Native American Studies

Native American Studies offers an open, alternative educational opportunity. This Specialty Area's programs are organized into 20-year cycles which mirror processes of human development and assist students and faculty alike in developing their whole person.
Mary Hillaire, the program's principal architect, envisioned the area as a way to prepare learners to be able "to lead a genuinely human life with respect to important human relationships to the land, others, work and the unknown in recognition of the fact that as you give, you teach others to give." That vision holds for the proposed programs of the Specialty Area's second 20 year cycle:

THE 20 YEAR VISION: Specialty Area's 20 Year Cycle

1994-95 HOME: The Hospitality of the Land David Whitener
1995-96 CO-EXISTENCE: A Hospitable Relationship to Others David Whitener
1996-97 COMMUNITY: Time, Space, People and Place David Rutledge, Yvonne Peterson, Raul Nakasone, Rainer Hasenstab, David Whitener
1997-98 IMAGES: Physical Speculations on Unknown Conditions Alan Parker, Yvonne Peterson, Gary Peterson, Gail Tremblay, David Rutledge
1998-99 REGENERATION: A Celebration with the Land -
1999-00 HONOR: The Celebration of Others -
2000-01 HISTORY: A Celebration of Place Raul Nakasone, David Rutledge, Yvonne Peterson (Liaison with RB program)
2001-02 DESTINY: Welcoming the Unknown Kristina Ackley, Raul Nakasone (Fall 2001), Gary Peterson
2002-03 RESPECT: A Process of Universal Humanity - S.O.S. in NAWIPS David Rutledge, Raul Nakasone
2003-04 RECOGNITION: The Politics of Human Exchange Gary Peterson, David Rutledge and Raul Nakasone
2004-05 PATIENCE: A Survival Process for an Unknown Future -David Rutledge and Raul Nakasone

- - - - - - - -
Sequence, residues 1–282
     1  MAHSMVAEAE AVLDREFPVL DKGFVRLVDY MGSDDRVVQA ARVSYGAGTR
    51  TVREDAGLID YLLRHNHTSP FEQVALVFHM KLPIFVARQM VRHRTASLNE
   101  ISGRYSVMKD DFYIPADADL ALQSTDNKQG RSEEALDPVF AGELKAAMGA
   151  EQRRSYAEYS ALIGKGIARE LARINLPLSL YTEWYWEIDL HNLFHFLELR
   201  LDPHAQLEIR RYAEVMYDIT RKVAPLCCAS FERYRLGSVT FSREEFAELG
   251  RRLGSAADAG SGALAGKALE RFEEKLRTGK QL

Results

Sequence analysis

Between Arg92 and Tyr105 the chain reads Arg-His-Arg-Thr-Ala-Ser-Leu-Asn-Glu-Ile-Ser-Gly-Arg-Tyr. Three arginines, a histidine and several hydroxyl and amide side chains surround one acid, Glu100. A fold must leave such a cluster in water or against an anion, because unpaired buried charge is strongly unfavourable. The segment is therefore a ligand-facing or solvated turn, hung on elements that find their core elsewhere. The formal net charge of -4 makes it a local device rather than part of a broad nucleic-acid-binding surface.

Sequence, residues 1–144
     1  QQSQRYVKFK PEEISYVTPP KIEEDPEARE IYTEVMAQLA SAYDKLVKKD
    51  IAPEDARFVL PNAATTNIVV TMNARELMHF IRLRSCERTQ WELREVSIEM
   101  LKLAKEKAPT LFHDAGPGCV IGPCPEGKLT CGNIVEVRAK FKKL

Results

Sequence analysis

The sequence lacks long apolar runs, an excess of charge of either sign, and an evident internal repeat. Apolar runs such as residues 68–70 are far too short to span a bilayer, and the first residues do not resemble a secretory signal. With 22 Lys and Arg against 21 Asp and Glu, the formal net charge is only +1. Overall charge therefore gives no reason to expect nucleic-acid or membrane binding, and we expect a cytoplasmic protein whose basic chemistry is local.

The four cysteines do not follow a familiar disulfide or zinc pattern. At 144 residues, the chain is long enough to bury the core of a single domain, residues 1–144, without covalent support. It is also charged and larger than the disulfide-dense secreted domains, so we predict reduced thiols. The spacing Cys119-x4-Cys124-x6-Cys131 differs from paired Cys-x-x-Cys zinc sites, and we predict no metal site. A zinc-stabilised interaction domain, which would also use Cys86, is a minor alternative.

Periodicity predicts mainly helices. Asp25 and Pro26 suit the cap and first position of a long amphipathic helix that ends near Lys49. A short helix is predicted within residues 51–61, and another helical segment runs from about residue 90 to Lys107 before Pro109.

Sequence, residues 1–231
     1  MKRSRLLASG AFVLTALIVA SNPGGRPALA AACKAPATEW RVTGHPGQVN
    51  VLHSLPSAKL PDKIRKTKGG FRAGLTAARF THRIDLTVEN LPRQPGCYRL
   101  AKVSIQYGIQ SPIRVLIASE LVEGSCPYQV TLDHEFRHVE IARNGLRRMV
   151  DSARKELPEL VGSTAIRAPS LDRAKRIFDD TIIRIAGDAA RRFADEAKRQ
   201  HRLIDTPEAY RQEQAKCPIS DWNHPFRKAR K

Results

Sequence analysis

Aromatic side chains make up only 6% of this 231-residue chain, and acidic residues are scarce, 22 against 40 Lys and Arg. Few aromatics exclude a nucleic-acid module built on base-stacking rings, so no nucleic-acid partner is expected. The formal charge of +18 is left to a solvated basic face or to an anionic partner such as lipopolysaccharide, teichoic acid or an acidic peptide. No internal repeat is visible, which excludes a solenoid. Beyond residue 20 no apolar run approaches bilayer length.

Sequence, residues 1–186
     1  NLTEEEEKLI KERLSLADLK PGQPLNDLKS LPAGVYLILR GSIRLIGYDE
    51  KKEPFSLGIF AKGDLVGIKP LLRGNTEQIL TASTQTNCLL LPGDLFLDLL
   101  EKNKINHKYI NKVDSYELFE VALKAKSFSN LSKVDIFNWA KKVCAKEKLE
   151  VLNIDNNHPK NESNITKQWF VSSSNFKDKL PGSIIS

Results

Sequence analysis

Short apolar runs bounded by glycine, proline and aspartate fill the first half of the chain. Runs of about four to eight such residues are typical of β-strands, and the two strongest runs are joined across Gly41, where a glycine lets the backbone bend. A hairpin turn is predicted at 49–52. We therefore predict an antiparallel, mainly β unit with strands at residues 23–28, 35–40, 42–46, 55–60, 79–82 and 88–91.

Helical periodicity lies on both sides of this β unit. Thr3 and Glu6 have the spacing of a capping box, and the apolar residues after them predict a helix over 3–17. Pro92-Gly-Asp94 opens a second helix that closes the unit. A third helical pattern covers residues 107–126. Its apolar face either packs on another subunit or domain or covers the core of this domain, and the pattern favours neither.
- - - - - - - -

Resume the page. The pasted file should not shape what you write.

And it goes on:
2005-06 RECONCILIATION: A Process of Human Balance - Yvonne Peterson, David Rutledge and RAul Nakasone
2006-07 HERITAGE: Self-Identity and Ties to the Land -
2007-08 FAMILY: Inspiration of Significant Others -
2008-09 PERSISTENCE: A Study of Inspired Work -
2009-10 SPIRITUALITY: The Eyes of the Unknown -
2010-11 CEREMONY: Relating Hospitably to the Land -
2011-12 JUSTICE: A Relationship of Reciprocal Respect -
2012-13 PERFORMANCE: Models of Human Understanding -
2013-14 DREAMS: Uncommon Dimensions of Thought -
Proposed Objectives
Students will develop a critical appreciation of different ways to gather and apply information, knowledge, understanding and wisdom. Students will learn self-respect while drawing upon inherent resources and motivation for developing the whole person, and design important self-reliant, life foundation standards for a meaningful education to share with others.

The major goal of Native American Studies is to provide an open, alternative education opportunity through experiencing a Native American philosophy of education that promotes self-determination, individual research, goal setting, internal motivation and self-reliance.